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07/31/97 RAY SPEAR v. BOARD EDUCATION NORTH SHORE

July 31, 1997

RAY SPEAR, PLAINTIFF-APPELLANT,
v.
BOARD OF EDUCATION OF NORTH SHORE SCHOOL DISTRICT NO. 112, DEFENDANT-APPELLEE.



Appeal from the Circuit Court of Lake County. No. 96--L--271. Honorable Terrence J. Brady, Judge, Presiding.

Released for Publication August 29, 1997.

Presiding Justice Geiger delivered the opinion of the court. Inglis and McLAREN, JJ., concur.

The opinion of the court was delivered by: Geiger

PRESIDING JUSTICE GEIGER delivered the opinion of the court:

The plaintiff, Ray Spear, a school custodian formerly employed by Highland Park School District No. 107 (District 107), appeals from the dismissal of his amended complaint alleging breach of contract by the defendant, the Board of Education of North Shore School District No. 112 (District 112 or new district). We affirm.

According to the pleadings, District 112, an elementary school district, was newly created as a combined school district after three former districts, including District 107, were legally dissolved pursuant to a voter referendum in the spring of 1992 held in accordance with article 11B of the School Code (Code). See 105 ILCS 5/11B--1 et seq. (West 1992). The plaintiff averred that District 112 breached an implied contract of employment when it did not employ him during the 1993-94 school year. He asserted that the defendant's duty to hire him arose from the failure of dissolved District 107 to issue a notice of nonrenewal and honorable dismissal 60 days prior to the end of the 1992-93 school year as required by section 10--23.5 of the Code (105 ILCS 5/10--23.5 (West 1992)). That section contains certain provisions regarding the employment and dismissal of educational support personnel, such as custodians. The circuit court granted the defendant's motion to dismiss the amended complaint with prejudice, and this timely appeal followed.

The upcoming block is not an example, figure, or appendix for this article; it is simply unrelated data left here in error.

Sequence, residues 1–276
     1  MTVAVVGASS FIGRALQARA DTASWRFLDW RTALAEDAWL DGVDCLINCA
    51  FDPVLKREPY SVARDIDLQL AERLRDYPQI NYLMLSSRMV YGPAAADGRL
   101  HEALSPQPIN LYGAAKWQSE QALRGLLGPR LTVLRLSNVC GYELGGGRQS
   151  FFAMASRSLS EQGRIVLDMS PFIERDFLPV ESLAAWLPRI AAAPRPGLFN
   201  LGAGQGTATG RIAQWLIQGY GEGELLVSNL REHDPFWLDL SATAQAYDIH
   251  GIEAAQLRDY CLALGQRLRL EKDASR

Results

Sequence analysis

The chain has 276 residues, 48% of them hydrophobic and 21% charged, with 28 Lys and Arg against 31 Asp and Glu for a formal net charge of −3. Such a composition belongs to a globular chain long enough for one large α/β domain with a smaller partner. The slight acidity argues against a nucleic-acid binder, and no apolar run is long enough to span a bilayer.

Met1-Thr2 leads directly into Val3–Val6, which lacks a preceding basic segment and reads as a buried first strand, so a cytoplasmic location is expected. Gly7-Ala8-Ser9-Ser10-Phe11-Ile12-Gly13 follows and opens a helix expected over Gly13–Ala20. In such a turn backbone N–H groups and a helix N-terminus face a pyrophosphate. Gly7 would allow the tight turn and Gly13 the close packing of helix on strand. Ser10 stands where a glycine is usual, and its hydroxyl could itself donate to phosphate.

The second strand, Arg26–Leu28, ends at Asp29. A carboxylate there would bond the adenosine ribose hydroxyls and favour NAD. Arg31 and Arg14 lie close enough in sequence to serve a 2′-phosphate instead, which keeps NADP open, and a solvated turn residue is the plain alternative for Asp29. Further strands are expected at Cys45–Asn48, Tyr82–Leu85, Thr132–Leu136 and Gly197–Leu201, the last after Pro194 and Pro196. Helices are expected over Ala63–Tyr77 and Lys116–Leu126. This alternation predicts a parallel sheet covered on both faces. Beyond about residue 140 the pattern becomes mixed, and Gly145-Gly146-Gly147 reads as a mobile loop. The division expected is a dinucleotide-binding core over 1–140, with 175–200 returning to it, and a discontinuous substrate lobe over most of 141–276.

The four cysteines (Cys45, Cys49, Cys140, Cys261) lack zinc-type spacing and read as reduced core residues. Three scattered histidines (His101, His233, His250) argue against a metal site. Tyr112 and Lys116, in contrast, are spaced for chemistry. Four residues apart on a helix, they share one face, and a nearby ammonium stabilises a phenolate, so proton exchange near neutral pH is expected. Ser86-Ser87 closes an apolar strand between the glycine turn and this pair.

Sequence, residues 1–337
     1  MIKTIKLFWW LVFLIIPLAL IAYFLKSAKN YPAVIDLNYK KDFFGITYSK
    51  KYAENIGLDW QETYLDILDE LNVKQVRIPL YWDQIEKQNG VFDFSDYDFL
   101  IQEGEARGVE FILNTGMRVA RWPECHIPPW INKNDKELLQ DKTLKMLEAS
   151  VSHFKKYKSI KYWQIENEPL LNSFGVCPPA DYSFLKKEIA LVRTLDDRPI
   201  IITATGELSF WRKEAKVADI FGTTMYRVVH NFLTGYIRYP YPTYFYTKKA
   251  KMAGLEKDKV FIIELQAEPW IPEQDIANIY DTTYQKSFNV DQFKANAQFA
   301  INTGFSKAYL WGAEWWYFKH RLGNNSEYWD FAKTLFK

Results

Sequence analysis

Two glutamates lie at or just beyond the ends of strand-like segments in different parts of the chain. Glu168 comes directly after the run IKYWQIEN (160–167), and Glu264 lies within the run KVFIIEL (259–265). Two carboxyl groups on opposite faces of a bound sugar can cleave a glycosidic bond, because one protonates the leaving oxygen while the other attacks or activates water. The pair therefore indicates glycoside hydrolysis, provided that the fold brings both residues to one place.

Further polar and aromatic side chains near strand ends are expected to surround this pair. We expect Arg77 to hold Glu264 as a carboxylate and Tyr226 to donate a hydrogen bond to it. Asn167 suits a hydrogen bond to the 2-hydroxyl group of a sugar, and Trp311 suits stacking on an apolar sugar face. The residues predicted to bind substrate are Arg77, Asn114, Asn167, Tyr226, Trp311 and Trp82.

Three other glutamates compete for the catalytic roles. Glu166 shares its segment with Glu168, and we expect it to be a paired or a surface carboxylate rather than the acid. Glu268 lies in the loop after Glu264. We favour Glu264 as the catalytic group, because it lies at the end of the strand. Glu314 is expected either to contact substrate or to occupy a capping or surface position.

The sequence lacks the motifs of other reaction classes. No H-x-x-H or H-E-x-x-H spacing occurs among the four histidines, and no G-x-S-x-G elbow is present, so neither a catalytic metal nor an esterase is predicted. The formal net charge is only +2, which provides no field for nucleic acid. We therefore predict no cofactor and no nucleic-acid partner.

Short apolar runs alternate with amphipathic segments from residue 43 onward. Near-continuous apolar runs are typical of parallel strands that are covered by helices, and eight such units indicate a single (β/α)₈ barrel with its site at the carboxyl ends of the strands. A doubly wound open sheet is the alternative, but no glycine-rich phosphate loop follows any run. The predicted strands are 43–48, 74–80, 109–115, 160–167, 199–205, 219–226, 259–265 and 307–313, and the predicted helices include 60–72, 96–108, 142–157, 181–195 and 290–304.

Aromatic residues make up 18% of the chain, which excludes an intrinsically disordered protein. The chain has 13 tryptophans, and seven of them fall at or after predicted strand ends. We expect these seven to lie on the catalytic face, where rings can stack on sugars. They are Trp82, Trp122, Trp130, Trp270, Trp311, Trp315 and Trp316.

On appeal, the plaintiff contends that the trial court's decision to dismiss the amended complaint was erroneous. He argues that (1) he had an implied contract of employment with District 112 by virtue of his prior employment at District 107 and because of the failure to receive the statutory notice of dismissal or nonrenewal; (2) the newly created District 112 thereafter assumed a contractual obligation to employ him as a matter of law; and (3) he is entitled to reinstatement, contract damages, and consequential damages.

The defendant refutes the plaintiff's claims and, in addition, argues that the cause of action is time-barred by the one-year statute of limitations found in section 8--101 of the Local Government and Governmental Employees Tort Immunity Act (Immunity Act) (745 ILCS 10/8--101 (West 1994)). Our consideration of the relevant School Code provisions and the applicable law persuades us that the plaintiff does not have a cause of action against the defendant premised on a theory of an implied contract of continued employment.

Plaintiff's first contention is that the failure of District 107 to give him a 60-day notice of dismissal created an implied contract of employment for the 1993-94 school year with the newly formed "successor" district. Section 10--23.5 of the Code provides in pertinent part: